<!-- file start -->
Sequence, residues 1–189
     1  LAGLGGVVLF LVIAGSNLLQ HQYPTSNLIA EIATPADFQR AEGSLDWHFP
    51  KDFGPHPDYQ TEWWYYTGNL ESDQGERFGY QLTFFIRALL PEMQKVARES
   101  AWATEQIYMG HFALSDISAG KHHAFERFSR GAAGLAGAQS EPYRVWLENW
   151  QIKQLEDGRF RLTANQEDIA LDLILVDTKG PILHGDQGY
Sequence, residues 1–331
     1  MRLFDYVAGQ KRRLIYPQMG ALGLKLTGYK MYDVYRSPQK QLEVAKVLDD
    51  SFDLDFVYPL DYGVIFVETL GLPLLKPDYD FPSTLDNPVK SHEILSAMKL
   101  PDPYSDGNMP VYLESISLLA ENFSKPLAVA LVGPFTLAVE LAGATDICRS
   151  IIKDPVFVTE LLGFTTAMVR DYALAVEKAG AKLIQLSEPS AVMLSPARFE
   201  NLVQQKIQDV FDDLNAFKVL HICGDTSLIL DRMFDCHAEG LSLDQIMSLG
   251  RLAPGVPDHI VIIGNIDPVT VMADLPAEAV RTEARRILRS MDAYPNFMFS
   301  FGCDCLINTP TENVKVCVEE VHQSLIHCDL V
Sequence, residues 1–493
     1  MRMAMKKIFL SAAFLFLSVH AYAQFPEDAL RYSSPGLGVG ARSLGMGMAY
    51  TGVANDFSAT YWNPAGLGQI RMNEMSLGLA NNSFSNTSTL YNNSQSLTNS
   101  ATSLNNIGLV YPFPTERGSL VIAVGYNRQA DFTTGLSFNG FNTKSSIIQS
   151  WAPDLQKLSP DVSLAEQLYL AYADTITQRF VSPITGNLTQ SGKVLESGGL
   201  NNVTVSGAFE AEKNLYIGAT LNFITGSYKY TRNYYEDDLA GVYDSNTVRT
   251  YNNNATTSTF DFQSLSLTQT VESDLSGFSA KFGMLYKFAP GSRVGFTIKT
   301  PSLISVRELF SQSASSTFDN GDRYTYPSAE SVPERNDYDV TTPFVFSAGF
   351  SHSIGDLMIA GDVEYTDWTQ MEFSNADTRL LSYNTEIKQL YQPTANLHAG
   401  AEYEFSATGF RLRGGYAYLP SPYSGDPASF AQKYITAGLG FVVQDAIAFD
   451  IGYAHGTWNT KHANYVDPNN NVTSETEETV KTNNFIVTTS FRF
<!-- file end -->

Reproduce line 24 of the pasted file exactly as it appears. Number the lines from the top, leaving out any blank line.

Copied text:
   451  IGYAHGTWNT KHANYVDPNN NVTSETEETV KTNNFIVTTS FRF